Marilyn Nicholoson of the Volcano Community Foundation describes the Volcano area working farm environment: “Volcano’s cool, wet climate and deep volcanic soils have long made it a popular place for small scale and niche agricultural products. Fruit trees, many vegetable crops, flowers, goats and cattle are still a way of life for many in this small upland community. Newer crops like grapes and tea are finding their place as well as developing a strong and expanding market.”
     The tour begins with a 9:15 a.m. check-in at Kīlauea Lodge, with car-pools to the farms. Comfortable walking shoes (it could be a bit muddy) and a rain jacket are recommended. The cost is $45 per person which includes lunch, and advance registration is required.
Last year's winner for the 2016
Directory cover was Peter Anderson
    To reserve a place on the tour send an email to volcanocommunity@gmail.com or call 967-7366.
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ARTWORK TO BE CHOSEN FOR THE COVER of The Directory, the annual Kaʻū Chamber of Commerce community resource and business guide, will be accepted at Naʻalehu Hongwanji, Monday, Nov. 14, between 9 a.m. and 6:30 p.m. The annual show entitled The Beauty of Kaʻū opens with free entry to the public on Tuesday, Nov. 15 through Friday, Nov. 18, from 9 a.m. to 6 p.m. at the Naʻalehu Hongwanji Breezeway.
     During the week of the show, business owners have the opportunity to sponsor a work of art by making a donation to the Chamber and sponsoring the artist entry fee. Sponsors will be allowed to show the sponsored art at their places of business for up to three weeks.
     During the showing all week at Naʻalehu Honwanji, those works of art that are for sale will be priced on a list available from art show volunteers.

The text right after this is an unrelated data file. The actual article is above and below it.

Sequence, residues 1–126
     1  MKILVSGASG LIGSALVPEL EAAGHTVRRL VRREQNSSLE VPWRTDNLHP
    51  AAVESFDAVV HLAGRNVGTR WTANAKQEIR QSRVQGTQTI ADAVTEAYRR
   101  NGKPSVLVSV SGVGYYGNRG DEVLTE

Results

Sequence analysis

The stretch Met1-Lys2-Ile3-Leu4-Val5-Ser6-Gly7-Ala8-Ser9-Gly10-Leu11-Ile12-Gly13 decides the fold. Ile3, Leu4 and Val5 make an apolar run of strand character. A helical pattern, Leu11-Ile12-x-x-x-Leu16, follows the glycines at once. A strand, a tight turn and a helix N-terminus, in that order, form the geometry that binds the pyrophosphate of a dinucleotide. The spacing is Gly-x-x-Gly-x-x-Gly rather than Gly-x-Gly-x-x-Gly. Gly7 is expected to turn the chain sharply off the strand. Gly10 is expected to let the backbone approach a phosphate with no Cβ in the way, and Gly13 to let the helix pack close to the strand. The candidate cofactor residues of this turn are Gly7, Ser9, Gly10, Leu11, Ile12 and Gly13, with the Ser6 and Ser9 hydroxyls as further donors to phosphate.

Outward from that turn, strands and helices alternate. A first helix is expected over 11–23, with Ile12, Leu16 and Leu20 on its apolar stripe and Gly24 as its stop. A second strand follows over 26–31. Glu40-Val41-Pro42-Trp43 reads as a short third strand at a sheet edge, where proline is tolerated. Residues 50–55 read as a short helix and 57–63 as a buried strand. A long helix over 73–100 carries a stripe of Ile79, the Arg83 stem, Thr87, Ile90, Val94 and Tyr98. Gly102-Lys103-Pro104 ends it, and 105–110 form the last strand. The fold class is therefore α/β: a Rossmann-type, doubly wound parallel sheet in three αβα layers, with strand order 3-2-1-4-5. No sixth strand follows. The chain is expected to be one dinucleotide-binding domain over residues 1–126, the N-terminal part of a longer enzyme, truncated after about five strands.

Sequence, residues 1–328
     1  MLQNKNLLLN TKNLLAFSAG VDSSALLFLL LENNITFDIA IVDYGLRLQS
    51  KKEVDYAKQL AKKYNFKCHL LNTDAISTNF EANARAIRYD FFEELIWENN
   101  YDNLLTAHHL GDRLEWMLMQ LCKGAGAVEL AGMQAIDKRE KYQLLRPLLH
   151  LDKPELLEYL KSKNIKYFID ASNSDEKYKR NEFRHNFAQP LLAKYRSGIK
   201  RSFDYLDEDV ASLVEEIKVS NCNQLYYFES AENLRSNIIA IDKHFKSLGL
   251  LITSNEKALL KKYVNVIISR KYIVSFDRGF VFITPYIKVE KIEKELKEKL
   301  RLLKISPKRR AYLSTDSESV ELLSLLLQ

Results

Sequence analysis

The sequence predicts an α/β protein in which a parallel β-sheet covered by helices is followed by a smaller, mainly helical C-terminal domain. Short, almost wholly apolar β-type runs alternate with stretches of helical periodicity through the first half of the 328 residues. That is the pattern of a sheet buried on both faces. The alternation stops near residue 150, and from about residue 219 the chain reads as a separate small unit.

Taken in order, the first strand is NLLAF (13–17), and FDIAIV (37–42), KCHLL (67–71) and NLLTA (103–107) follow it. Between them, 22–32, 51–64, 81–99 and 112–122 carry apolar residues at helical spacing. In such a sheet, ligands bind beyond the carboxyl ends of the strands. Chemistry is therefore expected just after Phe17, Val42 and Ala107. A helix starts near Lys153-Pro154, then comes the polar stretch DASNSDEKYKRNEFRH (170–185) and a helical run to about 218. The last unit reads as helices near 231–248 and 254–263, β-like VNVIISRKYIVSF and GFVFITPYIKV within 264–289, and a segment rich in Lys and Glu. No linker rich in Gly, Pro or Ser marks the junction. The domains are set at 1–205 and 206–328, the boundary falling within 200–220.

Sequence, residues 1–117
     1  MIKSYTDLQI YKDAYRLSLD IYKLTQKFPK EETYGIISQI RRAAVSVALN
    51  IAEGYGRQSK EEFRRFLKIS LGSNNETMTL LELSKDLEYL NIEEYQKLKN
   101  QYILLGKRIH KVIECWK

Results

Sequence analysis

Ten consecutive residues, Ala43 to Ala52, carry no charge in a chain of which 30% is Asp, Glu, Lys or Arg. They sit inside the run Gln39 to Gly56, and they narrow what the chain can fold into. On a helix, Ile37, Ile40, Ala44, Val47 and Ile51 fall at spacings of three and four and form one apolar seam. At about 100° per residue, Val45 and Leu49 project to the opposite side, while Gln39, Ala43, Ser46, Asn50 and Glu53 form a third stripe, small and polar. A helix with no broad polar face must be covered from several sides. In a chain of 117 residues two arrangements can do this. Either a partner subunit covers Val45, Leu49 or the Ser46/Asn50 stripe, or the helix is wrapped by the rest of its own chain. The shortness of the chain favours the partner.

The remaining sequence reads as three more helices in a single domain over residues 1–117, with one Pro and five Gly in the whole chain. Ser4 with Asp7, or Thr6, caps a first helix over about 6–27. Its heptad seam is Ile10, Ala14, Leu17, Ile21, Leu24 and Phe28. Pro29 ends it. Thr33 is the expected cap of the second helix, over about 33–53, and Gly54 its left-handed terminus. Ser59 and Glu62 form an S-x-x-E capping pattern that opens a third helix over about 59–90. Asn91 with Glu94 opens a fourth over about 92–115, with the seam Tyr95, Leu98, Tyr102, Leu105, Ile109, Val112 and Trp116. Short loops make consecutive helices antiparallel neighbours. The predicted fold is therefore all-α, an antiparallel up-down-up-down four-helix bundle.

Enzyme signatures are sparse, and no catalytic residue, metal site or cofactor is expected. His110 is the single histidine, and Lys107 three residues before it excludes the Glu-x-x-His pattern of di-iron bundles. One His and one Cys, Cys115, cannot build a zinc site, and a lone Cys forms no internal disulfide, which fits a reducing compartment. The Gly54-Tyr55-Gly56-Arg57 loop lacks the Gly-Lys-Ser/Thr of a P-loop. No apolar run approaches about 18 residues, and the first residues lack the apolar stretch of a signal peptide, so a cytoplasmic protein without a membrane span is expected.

The results of judging of all categories and the selection for The Directory cover will be announced Saturday, Nov. 19 at 11 a.m. at Naʻalehu Hongwanji, when artists are invited to a reception and awards ceremony.
    All entries are eligible to win popular vote (the cover) including youth and keiki, with the exception of all previous cover winners. Registration is $5 per adult entry, $2.50 per youth entry and $1 per keiki entry. Prizes will be given for: photography, sculpture, woodworking, quilting, jewelry, lei, graphics, painting and weaving. There are separate youth and keiki categories.
     Entry forms are available at local schools and merchants, on the Chamber website and at the door during art drop-off hours. The Directory is published in January.

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A RED CROSS VOLUNTEERS MEETING is being held today, Nov. 10, at 7 p.m. at the HOVE Road Maintenance Corp. office for those interested in becoming volunteers. Call Hannah Uribes at 929-9953.

OPEN HOUSE IS THIS FRIDAY AT KAHUKU UNIT OF HAWAIʻI VOLCANOES NATIONAL PARK. The Welina Mai Nei Kaikou I Kahuku celebrates Kahuku being open on Fridays, in addition to Saturdays and Sundays. Hawaiian music, informational displays, children't activities. Free entry. Sign up for a guided hike at 929-8075.

HAWAIʻI VOLCANOES NATIONAL PARK FREE ENTRANCE is this Friday, Nov. 11, when national parks across the country waive  fees for Veterans Day in honor of the men and women who have served the nation. Volcanoes Park has dozens of veterans among its employees and volunteers. Active duty U.S. military can obtain a free annual Military Pass at the park’s entrance station all year. For more information on the free Military Pass, visit the park website http://www.nps.gov/havo/planyourvisit/fees.htm.

KĪLAUEA MILITARY CAMP VETERANS DAY CEREMONY will be this Friday, Nov. 11. KMC celebrates a century of service with keynote speaker, U.S. Rep. Tulsi Gabbard. The ceremony is on the front lawn at 3 p.m.

VETERANS DAY BUFFET is offered by Kīlauea Military Camp's Crater Rim Cafe this Friday, Nov. 11 from 4 p.m. to 7 p.m. following Veterans Day ceremonies. Adults $27.95. Children 6-11 years old $14.50

SUPPORT OUR SPONSORS AT PAHALAPLANTATIONCOTTAGES.COM AND KAUCOFFEEMILL.COM. KA`U COFFEE MILL IS OPEN SEVEN DAYS A WEEK.